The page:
• Must be from own resources and may include personal savings, RRSP withdrawal, existing home equity, proceeds from sale of property.

Additional Criteria

  • Maximum of one Genworth-insured vacation property per applicant
  • No 3rd party guarantors for qualification purposes. We do accept spousal guarantors.
  • An immediate family member is defined as a father, mother, child, brother, sister, grandparent, legal guardian, or legal dependent

Debt Service Ratios:

  • GDS 39% / TDS 44%

Documentation / Information Requirements:

  • Standard documentation requirements apply
  • Genworth Canada may request that the lender provide a copy of the required documentation on a case-by-case basis

Property Type Requirements:

Secondary Homes (Type A):

  • Foundation must be permanent and installed beyond the frost line. This includes concrete/concrete block or preserved wood foundations certified by a professional engineer or post/pier foundations on solid bedrock.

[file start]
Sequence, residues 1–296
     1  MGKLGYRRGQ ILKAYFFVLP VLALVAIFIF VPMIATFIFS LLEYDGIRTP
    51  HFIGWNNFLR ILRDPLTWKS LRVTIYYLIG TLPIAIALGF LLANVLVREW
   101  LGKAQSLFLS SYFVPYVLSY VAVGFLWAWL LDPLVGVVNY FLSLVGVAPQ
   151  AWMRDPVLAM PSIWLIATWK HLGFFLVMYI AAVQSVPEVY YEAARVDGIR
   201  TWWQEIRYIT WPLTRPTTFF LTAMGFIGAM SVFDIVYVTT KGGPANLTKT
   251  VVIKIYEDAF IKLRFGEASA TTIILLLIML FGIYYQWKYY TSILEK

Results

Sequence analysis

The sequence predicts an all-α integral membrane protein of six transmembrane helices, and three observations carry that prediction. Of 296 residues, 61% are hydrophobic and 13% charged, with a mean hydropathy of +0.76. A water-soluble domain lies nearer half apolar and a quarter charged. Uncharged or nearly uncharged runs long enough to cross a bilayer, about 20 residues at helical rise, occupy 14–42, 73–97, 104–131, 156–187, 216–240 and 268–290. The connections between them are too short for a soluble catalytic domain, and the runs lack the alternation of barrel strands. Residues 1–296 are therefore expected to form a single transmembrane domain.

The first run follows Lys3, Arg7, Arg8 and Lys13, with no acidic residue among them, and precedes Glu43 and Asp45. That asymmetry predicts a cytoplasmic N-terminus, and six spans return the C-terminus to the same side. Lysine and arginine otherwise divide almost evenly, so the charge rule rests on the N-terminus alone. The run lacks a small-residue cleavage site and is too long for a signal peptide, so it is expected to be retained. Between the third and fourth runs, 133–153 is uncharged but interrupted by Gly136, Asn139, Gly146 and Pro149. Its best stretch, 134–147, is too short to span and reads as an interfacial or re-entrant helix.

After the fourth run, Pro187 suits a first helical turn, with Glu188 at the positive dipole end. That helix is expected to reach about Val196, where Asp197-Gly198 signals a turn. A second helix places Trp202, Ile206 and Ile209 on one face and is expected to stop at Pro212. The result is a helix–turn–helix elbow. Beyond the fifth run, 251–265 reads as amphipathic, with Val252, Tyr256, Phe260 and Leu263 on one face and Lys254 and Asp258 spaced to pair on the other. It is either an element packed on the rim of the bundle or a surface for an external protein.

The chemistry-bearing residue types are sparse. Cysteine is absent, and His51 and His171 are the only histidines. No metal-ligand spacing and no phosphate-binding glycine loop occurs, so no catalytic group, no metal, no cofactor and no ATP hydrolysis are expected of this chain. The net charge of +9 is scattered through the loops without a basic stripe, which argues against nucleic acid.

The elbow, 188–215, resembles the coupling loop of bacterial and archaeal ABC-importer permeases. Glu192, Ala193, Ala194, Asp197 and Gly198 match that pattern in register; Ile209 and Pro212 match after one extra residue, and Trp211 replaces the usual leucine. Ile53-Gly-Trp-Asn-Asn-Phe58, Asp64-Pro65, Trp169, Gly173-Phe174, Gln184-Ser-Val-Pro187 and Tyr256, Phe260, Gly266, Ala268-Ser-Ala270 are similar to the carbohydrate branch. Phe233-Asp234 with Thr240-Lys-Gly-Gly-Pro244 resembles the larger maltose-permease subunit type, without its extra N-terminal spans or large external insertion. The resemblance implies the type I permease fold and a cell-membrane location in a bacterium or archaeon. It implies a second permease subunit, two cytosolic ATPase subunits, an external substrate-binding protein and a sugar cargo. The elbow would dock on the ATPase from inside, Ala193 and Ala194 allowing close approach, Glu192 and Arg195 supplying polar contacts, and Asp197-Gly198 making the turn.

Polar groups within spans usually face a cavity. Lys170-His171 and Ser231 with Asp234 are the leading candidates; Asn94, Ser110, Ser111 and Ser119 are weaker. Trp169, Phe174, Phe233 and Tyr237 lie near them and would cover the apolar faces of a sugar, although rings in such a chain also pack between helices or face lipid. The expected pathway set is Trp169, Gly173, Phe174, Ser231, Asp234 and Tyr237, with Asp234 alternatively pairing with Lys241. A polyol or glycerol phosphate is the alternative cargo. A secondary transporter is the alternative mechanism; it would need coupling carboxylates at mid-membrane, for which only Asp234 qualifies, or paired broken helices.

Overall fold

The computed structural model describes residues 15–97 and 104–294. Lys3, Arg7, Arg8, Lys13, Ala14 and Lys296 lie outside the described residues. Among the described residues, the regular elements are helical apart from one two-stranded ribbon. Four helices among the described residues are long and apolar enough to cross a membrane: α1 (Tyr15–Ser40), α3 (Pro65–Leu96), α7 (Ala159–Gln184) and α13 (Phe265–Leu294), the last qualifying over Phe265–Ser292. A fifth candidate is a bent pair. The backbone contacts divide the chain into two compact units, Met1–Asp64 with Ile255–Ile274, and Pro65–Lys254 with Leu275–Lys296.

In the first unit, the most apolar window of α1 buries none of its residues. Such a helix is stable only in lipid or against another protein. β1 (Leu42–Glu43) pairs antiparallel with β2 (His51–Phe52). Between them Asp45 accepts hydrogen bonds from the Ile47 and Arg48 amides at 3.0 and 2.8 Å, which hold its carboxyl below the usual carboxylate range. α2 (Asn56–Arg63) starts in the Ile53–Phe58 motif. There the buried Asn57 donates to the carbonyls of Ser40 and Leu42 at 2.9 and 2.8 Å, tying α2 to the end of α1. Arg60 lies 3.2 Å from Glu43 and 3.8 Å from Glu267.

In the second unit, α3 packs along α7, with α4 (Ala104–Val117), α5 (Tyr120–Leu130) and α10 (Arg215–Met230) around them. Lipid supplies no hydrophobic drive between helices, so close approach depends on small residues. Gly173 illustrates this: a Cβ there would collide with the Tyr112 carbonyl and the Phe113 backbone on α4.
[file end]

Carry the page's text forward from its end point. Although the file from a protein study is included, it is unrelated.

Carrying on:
• Must be zoned and used as residential, rural or seasonal. We do not accept mixed uses or rental pooling.
  • Freehold or condominium title. We do not accept co-ops or ¼ interest ownership.
  • At minimum, property must have a kitchen, 3-piece bathroom, bedroom, and common area
  • Remaining economic life must be 25 years
  • Year-round road access on reasonable quality public roads, serviced by the local municipality. We also allow privately serviced roads, provided there is a maintenance contract in place.
  • Property must be winterized with a permanent heat source. For example, heating can be baseboard, forced air, water radiator, radiant, coal, propane, geothermal heat pumps, or heat pumps.